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Bloody Bookaholic's Commandment:

Thou Shall Read Till Thy Eyes Bleed

"I will be with her again, or I will die.
There aren't any other options."
-Ash, The Iron Knight

"If I let myself love you I won't throw myself in front of her.
I'll throw myself in front of you."
-Dimitri Belikov, Vampire Academy

Thursday, 5 November 2009

Review: Medina Hill by Trilby Kent

Title: Medina Hill
Author: Trilby Kent
Pages: 176
Publisher: Tundra Books
Reading Level: Ages 9-12
Rating: .3

In the grimy London of 1935, eleven-year-old Dominic Walker has lost his voice. His mother is sick and his father’s unemployed. Rescue comes in the form of his Uncle Roo, who arrives to take him and his young sister, Marlo, to Cornwall.

There, in a boarding house populated by eccentric residents, Marlo, who keeps a death grip on her copy of The New Art of Cooking, and Dominic, armed with Incredible Adventures for Boys: Colonel Lawrence and the Revolt in the Desert, find a way of life unlike any they have known.

Dominic’s passion for Lawrence of Arabia is tested when he finds himself embroiled in a village uprising against a band of travelers who face expulsion. In defending the vulnerable, Dominic learns what it truly means to have a voice.

Taschima's POV:

A book where the phrase 'Cat got your tongue?' will pop up in your head from time to time.

Somewhere in London lives this little eleven-year-boy who cannot speak. Well, not literately. Just not with strangers. He lives with his sick mother, unemployed father, and little sister who's name is Marlo (strange name I know). Anyhow as the mother gets sicker the parents decide to sent their kids away to their uncle Roo, the mother's brother to a place called Medina Hill. In this fantastic land Dominic is faced with situations that would have never happened at home, things far beyond his wildest dreams. But, will he recover his voice? Or will it fail him when it is most needed?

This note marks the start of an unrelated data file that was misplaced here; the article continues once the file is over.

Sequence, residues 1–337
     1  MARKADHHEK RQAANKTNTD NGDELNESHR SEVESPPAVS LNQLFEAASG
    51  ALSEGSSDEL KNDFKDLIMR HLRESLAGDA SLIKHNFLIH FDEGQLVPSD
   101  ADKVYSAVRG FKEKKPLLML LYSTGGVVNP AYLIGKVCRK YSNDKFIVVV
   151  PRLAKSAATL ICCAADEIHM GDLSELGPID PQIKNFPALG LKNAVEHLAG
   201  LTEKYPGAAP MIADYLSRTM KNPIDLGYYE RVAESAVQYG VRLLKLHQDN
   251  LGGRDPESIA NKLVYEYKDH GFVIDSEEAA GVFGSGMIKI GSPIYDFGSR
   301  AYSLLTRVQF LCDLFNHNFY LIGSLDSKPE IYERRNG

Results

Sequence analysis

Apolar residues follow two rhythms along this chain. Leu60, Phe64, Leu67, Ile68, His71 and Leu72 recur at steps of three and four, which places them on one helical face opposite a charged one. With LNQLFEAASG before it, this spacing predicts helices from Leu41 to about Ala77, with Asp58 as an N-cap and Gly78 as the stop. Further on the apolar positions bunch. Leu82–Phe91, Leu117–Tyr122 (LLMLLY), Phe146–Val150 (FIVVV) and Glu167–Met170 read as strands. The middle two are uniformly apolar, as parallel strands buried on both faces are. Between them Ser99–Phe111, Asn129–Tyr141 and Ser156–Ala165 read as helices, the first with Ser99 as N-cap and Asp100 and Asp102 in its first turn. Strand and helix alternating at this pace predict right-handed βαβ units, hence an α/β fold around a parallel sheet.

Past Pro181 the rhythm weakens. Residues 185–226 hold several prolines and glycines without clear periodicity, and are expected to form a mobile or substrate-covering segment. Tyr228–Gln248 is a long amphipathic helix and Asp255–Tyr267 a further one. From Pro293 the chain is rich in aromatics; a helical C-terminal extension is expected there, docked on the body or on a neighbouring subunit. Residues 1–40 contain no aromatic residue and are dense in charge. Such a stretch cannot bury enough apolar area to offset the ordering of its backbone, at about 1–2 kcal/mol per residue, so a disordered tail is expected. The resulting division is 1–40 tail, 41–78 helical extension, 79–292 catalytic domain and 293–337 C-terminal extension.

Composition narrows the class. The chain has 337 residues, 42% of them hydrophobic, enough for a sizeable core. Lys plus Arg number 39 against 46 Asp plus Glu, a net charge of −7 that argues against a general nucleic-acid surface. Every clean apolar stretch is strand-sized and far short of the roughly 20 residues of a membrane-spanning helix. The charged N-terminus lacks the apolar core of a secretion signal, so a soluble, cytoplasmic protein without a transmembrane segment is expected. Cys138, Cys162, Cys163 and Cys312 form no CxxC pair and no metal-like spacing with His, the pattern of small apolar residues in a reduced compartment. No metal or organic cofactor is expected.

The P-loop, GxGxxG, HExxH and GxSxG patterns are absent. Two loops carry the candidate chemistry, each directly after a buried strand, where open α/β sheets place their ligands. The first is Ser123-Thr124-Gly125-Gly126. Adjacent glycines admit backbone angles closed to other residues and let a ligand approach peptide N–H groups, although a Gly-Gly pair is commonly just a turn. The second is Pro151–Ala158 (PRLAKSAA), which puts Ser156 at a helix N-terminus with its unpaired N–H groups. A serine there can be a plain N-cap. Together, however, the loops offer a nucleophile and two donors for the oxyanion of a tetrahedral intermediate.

As I read this book I came to like the characters. Dominic is this 11-year-boy who at first doesn't like to read and its very shy, but as the story progress he goes through much character development that in the end makes him not only more likable but admirable. His sister too goes through character development. She is a fine lad that little one. Another character that comes out of the pages is the Gypsy girl that Dominic meets. And the representation of an American in London will make you guys laugh, because it's sad but true.

I found that this book is more character driven that anything else. The story line is okay, but it doesn't get your attention as much as the characters do.

The ending was again okay, I would have liked to have had more information. Like how is his mother doing, or just something. But I guess it was okay.

Is an overall 3 star read, I liked it, but I did not loved it. It was slow at first, and that is bad considering that it only has 170 pages. But it's good for the age group is designed for.

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